Louis Davout

Marshal Louis DavoutFrench Marshal
Prince of Eckmuhl
Duke of Auerstadt

A superb commander, Louis Davout's military and administrative skills matched Napoleon Bonaparte's.

Despite his aristocratic origins, the young Davout eagerly supported the French revolution and was the officer who ordered his men to fire upon the defecting General Dumouriez.

A general of brigade at 23, Davout spent his early years stationed near the German states and took part in the actions at Mannheim, Kehl and Haslach. He was captured, but exchanged, a move that the Prussians would later rue.

A colleague of Louis Desaix, Davout became known to Bonaparte and joined the expedition to Egypt.

He fought at the Pyramids, Aboukir and upon while returning to France following the abortive campaign was again captured - this time by the Royal Navy - but was repatriated after a month.

Promoted to general of division, Davout took charge of the cavalry arm of the Army of Italy.

The youngest of the soldiers promoted to the Marshalate in 1804, Davout took over III Corps and through discipline and training turned it into the finest force in the French army.

At Austerlitz, he was the anvil upon which Bonaparte pulverised the Russians and Austrians, but it was in 1806 at Auerstadt that he showed his true brilliance.

His single corps of around 26,000 battled the main Prussian army of at least 50,000 men to a standstill and then on to sweep them from the field in one of the greatest military displays in history.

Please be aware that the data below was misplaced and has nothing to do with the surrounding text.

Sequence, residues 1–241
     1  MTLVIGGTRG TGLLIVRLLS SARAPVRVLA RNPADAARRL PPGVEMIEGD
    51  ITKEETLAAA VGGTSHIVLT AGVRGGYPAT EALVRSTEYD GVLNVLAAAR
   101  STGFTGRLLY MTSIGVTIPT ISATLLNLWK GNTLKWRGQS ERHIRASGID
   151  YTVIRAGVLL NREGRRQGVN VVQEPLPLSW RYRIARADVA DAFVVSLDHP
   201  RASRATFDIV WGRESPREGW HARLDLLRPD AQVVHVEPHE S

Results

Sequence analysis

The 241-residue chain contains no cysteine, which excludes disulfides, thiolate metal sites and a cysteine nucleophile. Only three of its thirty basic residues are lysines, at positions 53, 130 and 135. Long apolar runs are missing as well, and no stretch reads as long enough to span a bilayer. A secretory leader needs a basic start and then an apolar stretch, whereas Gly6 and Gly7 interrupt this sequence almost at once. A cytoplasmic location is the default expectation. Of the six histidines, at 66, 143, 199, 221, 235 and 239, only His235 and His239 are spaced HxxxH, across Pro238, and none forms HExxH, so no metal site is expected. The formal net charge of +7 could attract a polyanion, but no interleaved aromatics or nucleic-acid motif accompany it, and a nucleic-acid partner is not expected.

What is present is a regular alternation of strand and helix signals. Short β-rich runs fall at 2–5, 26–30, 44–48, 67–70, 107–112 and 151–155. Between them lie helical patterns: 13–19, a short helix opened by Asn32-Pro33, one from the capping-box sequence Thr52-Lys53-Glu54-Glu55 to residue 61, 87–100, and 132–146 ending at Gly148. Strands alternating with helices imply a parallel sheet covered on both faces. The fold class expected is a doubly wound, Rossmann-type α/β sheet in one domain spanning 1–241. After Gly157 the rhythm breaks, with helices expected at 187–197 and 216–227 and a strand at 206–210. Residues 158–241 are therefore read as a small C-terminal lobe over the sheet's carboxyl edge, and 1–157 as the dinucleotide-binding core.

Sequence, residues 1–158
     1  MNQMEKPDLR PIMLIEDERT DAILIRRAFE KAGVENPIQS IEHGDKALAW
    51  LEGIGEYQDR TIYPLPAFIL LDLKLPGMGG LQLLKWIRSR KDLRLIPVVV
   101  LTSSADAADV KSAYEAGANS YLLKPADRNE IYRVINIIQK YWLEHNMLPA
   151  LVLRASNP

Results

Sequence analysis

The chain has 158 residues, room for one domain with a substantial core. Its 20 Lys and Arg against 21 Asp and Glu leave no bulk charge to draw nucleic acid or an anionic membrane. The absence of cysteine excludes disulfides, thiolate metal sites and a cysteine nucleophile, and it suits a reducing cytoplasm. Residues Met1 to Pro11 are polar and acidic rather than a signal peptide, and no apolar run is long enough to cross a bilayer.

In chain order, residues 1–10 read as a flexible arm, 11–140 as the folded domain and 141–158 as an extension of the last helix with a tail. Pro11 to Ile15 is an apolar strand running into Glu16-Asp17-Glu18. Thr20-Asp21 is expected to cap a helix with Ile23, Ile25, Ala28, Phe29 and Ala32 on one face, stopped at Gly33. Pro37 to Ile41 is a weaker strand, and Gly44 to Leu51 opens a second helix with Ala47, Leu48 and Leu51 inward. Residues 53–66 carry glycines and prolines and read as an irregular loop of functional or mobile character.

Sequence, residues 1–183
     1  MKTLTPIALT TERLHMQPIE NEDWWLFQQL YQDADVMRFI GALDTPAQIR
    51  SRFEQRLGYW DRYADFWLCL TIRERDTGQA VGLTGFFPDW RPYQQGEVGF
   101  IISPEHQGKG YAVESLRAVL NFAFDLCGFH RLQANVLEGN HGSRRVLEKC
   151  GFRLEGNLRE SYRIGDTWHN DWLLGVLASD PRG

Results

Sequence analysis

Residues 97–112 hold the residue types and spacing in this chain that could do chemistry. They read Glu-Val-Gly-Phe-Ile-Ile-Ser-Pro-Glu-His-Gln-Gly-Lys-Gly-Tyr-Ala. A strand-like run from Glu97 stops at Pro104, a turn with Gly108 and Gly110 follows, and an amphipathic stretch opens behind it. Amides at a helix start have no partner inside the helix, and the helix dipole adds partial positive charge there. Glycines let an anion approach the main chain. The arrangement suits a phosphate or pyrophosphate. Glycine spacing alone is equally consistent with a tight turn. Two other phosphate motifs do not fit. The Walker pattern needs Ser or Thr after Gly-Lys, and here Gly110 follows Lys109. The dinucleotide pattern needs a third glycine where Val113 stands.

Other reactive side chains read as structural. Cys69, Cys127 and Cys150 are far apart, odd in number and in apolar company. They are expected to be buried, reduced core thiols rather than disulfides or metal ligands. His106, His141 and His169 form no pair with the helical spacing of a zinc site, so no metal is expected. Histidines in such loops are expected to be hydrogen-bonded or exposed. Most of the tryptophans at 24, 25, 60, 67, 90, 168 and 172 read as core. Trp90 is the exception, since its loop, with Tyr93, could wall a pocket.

Unfortunately for Davout, his triumph took place on the same day as Bonaparte's victory at Jena (against a smaller Prussian force) and so the result was played down.

He commanded well at Eylau and took part in the battles of Eckmuhl, Ratisbon, and Wagram.

During the Russian campaign of 1812 Davout was his usual brilliant self, beating General Bagration at Mohilev and taking part at Smolensk.

A keen tactician he angered Bonaparte by continually pushing for a flanking attack against the heavily entrenched Russians at Borodino and the enormous cost of the emperor failing to heed his advice proved him right.

Davout was again ignored when suggesting a different route of retreat for what turned out to be the disastrous withdrawal from Moscow and, if heeded, his advice of moving through better foraging countryside may have saved much of the French army.

He fought at Maloyaroslavets and then took command of the rearguard and had further clashes with the Russians at Kolotskoi and Viasma.

Always mindful of the welfare of his elite force of men and never popular with many of his fellow marshals, Davout's rearguard strategy was undermined by them and soon branded as being too slow by Bonaparte.

He was replaced by Ney and then was blamed for that marshal's force being cut off.

Given the task of holding Hamburg against the advancing allies, Davout put up a model defence and held out for more than a year. He only relinquished command of the city in 1814 when ordered to by the restored Bourbon king, Louis XVIII.

Upon Bonaparte's return he became Minister of War but was left behind in Paris, presumably to guard against treachery, when the French army began the 100 Days' Campaign.

If Bonaparte had Davout with him then the results at Quatre Bras and Waterloo could have been very different.

For such a brilliant military man, Davout was very near-sighted. He was harsh, difficult to get on with and had no patience with those who tried to take easy ways out.

He got on with few of fellow marshals but, in typical fashion, was more interested with defeating France's enemies than pandering to courtiers and politicians.


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